IJTT Co., Ltd. (‘company’) is engaged in manufacturing automobile parts – primarily for use in trucks and construction machinery.
Isuzu Motors – a prominent commercial vehicle and diesel engine manufacturing company - owns 43.5% of the company’s stock, and generates 69% of its sales.
Its sales are primarily generated in Japan (83% of 2020 sales – split further as 54% auto parts and 29% engine parts) with the balance from the rest of Asia (17% auto parts – primarily to China’s construction machinery market). Moreover, its tangible asset investment is split similarly - and includes operations in Indonesia and Thailand.
FY20 sales were actually higher than expected because of rushed buying before Japan’s consumption tax hike kicked in. However, the coronavirus pandemic has significantly diminished sales for the company’s products – and suspended production.
TTM sales (to September 2020) was 136.3b yen (FY20: 171.7b); ebitda was 6.4b yen (FY20: 13.9b yen) and net losses were 1.2b yen (FY20: 5b profit).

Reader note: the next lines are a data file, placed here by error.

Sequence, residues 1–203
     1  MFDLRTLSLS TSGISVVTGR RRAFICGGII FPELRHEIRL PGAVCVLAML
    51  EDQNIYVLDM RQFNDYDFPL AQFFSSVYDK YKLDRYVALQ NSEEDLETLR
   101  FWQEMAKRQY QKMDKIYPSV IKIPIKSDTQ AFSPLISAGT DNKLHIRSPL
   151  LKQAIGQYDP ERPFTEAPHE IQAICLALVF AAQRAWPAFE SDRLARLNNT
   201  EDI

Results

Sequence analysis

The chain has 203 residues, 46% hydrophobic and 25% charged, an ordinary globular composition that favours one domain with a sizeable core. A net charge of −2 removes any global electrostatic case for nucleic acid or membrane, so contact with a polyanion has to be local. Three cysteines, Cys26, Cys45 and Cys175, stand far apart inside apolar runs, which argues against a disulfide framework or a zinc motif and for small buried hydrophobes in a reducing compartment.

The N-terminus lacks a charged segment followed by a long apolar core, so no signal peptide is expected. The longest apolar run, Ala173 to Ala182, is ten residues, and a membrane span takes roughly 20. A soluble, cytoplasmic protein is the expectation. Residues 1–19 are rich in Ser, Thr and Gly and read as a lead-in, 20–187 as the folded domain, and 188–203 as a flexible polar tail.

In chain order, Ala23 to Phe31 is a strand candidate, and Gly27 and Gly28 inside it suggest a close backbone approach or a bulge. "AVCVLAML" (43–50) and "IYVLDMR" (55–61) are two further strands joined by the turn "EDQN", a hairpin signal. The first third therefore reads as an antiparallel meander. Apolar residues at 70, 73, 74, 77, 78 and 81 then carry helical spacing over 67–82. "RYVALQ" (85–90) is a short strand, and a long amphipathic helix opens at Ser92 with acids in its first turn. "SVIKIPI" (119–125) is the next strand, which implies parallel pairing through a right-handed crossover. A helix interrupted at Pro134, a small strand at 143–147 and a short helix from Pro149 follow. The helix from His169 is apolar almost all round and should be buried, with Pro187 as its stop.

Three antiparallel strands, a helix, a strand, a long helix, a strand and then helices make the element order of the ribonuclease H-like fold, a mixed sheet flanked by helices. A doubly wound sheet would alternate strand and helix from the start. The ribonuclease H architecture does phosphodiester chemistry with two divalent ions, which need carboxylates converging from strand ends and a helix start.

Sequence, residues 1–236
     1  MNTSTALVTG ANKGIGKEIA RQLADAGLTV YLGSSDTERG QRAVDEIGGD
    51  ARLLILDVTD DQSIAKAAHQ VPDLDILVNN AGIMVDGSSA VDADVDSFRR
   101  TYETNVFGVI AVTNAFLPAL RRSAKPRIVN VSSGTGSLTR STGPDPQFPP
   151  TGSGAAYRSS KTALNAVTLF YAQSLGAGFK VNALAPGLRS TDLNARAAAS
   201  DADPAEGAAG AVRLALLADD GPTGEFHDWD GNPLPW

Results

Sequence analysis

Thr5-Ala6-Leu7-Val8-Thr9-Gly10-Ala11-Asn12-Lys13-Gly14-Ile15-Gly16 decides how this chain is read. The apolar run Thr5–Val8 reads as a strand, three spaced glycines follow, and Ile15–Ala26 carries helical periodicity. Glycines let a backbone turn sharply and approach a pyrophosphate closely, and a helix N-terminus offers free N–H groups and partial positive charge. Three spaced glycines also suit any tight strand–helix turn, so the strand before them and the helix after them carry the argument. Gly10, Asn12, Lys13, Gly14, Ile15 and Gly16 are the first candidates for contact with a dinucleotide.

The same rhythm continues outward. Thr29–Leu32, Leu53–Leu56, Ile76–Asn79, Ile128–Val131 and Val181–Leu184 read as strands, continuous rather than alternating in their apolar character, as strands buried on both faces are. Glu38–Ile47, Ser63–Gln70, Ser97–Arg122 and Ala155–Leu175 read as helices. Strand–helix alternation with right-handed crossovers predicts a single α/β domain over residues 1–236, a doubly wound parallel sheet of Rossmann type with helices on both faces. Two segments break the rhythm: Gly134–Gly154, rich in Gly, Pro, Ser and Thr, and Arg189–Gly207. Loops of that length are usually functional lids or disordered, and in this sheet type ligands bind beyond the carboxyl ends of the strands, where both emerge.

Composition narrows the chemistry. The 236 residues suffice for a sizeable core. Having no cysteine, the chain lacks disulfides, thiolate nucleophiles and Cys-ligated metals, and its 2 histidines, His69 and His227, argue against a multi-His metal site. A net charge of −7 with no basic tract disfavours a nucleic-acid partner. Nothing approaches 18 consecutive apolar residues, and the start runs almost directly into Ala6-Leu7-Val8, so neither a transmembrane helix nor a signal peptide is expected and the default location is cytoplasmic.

Normal sales appear to be 160b yen. Applying average margins and deducting taxes, which are slightly lower than Japan’s standard rate due to lower rates at overseas subsidiaries, we arrive at about 4.5b yen of normal earning power. Incidentally, these figures are within recent management targets for FY20.
The balance sheet is reasonably strong with net cash of 3.6b yen, which was reduced by additional borrowings taken up during the last six months. Further, the liquid asset ratio is satisfactory.
The stock is currently selling for 21b yen, which is under 5x normal earnings.
The company has been incurring large capital expenditures recently – to expand production capacity. The returns on tangible assets are anaemic at below 7%. However, the increased capacity does indicate management confidence in the future, and increased earnings. In fact, they’ve expressed a focus on expanding ASEAN sales, which shows promise of increased demand – particularly arising from infrastructure spending.
Though the latest dividend was reduced substantially, dividends in FY19 and 20 averaged 900m yen and yielded just over 4% at market. Pleasantly enough, management have also repurchased shares in FY20 for 600m yen at 677 yen, which is above the current price.
In addition to the qualitative position of the company (being ensconced in the Isuzu network), this stock appears to meet our quantitative tests for undervaluation.